Thursday, October 22, 2015

Field work in southern Queensland, part 2: Interesting invasives

Australia surely has its fair share of introduced weeds and invasive plants. On this trip I have already seen a few that I had only heard of but not seen before, and others that are much more abundant here than further south.

Opuntia is one of the textbook cases of an economically promising plant turned into horrible invasive weed but also of biological control done well. I remember even as a teenager seeing a documentary that showed first near-monocultures of Opuntia cacti covering the Australian landscape and then the devastation the biological control agent - a moth - caused in the populations of the cactus after it was released. There are memorials in this area celebrating the defeat of the cactus and the efforts of the moth. Wikipedia has a nice little entry on the issue.

Above the flower of a low-growing specimen. Apparently numerous species of the genus had been introduced, so I am not sure which one this is.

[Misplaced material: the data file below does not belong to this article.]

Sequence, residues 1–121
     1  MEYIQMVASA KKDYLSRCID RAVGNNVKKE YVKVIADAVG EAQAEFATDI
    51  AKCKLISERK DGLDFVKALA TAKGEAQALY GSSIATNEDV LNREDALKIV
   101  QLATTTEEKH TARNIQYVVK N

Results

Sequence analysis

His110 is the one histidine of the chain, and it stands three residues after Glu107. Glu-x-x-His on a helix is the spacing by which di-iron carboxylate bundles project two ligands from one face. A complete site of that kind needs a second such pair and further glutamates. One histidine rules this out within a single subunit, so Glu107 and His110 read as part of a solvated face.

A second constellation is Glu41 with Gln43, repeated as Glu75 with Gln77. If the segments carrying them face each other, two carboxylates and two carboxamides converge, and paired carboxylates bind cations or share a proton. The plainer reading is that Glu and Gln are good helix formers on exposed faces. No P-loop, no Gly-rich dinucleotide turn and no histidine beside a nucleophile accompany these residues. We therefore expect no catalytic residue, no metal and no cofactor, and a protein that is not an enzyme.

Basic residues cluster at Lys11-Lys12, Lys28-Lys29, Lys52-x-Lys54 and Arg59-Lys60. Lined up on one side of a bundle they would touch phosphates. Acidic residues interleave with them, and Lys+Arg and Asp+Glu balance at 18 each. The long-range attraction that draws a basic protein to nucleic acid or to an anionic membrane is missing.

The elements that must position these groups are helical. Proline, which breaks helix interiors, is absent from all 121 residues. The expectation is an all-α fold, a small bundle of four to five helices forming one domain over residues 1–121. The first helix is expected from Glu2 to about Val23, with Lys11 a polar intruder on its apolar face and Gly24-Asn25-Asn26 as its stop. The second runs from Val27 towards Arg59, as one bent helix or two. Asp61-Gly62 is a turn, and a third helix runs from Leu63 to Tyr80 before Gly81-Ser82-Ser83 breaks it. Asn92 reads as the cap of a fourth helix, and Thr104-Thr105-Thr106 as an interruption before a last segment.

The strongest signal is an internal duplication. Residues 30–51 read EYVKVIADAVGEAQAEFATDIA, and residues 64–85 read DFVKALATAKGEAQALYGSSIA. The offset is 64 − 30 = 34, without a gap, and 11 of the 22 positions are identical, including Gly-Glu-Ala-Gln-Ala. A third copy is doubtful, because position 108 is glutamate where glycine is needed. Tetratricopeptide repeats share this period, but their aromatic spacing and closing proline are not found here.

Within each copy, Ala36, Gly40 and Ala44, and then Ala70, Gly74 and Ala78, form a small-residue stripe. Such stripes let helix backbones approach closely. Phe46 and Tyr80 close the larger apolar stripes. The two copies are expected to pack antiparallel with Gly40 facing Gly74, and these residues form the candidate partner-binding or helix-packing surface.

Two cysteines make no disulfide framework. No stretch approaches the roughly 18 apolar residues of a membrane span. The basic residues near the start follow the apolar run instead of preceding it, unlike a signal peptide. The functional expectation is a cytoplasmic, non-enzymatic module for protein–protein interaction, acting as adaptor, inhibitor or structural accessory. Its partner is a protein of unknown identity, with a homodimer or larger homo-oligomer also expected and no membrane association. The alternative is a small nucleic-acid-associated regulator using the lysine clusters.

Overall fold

One of the plants I had read about but not seen before is Hypochaeris microcephala (Asteraceae), one of several weedy species of its genus introduced to Australia, but the only white-flowered one.

Finally, a Bryophyllum (Crassulaceae). We saw it frequently along roadsides, but most of the plants were past flowering and presented merely shrivelled, blackish stems. I assume this species was introduced deliberately as an ornamental.

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